In the wilderness of Namibia almost all of the roads are graded gravel tracks that have been hewn out of the landscape, faithfully following the contours and cambers of the ground that they were made across. This can lead to some very interesting driving that is alien to most who venture forth from the airport in Windhoek in hired Off Road Cars.
The fate of many a hired car is to find itself sliding across the loose gravel on an off camber corner with an inexperienced tourist flailing at the wheel, which inevitably results in the car sitting on its side or even roof and the forlorn sight of wheels that continue to turn long after the dust has settled, hoping for a touch of the good hard earth.
Such an unfortunate fate occurred to one of the hire cars in our group some years ago. We were on our way to Homeb and the campsite beside a sand river. Louise and I were travelling through the Gamsberg Pass in the Impala Range Rover and we came across a Toyota on its roof just after a difficult off camber bend. Swinging into action we soon assessed the health of the driver Mel and Alec (one of The Impala Support Team) and all was well although Mel was a little shaken, complaining of a pain in her neck so we laid her down and made up a neck brace with some newspaper and in that quintessentially English way made a cup of tea!
Louise and I headed off to a farm that we had spotted just off the track some 10 km earlier so that we could phone the ambulance service at Walvisbaai. We gave the GPS co-ordinate to the operator who quickly assessed that it would take eight hours to reach us. As the call was a precaution and Mel was comfortable we knew that all would be well, so we headed back to the crash site and settled in for a long wait in the stillness of the desert.
There was only one other car waiting with us as the rest of the group were well ahead, at the campsite I was sure. We sent this last car off to the campsite at Homeb to reassure everyone and to tell them to expect us in due course.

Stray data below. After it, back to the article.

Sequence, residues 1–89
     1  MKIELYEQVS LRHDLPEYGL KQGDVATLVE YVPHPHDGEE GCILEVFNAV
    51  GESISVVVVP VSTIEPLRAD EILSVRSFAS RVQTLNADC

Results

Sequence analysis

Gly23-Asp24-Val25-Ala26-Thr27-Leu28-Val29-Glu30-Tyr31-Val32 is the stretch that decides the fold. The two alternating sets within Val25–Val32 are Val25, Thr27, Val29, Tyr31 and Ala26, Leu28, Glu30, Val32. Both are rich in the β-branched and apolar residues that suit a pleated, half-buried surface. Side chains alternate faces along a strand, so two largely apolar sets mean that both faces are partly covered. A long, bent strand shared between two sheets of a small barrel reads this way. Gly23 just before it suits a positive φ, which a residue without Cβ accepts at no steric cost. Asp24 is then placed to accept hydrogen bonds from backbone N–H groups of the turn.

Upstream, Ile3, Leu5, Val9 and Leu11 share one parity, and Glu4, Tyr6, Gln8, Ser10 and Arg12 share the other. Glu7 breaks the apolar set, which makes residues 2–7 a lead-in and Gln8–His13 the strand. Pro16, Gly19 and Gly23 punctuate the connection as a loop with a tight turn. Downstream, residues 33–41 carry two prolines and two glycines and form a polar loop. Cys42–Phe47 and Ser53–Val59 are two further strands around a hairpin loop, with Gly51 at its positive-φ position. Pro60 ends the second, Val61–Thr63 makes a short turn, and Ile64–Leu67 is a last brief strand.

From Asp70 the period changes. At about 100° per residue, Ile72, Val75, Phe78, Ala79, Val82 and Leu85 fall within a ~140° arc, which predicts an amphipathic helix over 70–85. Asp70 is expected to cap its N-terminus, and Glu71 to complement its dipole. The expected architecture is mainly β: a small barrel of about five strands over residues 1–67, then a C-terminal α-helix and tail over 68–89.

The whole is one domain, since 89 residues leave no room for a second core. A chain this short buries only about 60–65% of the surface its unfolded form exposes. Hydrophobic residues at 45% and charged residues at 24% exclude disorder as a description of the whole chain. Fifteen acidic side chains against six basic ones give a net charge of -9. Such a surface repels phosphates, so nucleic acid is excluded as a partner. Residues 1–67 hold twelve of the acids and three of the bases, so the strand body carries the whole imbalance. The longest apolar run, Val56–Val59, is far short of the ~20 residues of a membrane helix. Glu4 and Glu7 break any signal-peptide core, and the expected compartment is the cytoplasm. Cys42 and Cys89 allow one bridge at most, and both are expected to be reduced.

As the dust settled and the noise of the cars Land Rover’s engine faded into the distance a silence, that is unique to the bush enveloped us once more, so sat down in the shadow of a low ridge to await the ambulance and enjoy the peace of it all.
Sometime later, around dusk I seem to remember, something extraordinary happened: Without warning the absolute stillness of the bush was shattered as a herd of Zebra exploded over the ridge only feet away from us. We saw the whites of each other’s eyes as the herd seemed to turn in mid-air and gallop away. We could smell their scent, they were that close. Not a word was uttered for what seemed like an age but I am sure was only seconds and by the time Alex and I rushed up onto the ridge there was nothing to see but a rapidly dispersing dust cloud and that beautiful sound of the Zebras alarm call and the thunder of their hooves on the parched earth.
We were still sitting beside the ridge completely enthralled an hour or so later as the flashing lights of the ambulance slowly worked their way closer from the distant ridge.
Mel was soon on her way with Alec to the hospital and Louise and I drove the last forty kilometres in darkness to the campsite and a cool gin and tonic, arriving close to midnight and soon reassured the camp that all was well. We turned in tired but content and you will be pleased to hear that Mel and Alec were back with us the next day with hardly a bruise to show for their crash and with a new car.
I can still hear and smell the Zebra to this day and that extraordinary meeting will sit high up in my mind for the rest of my life.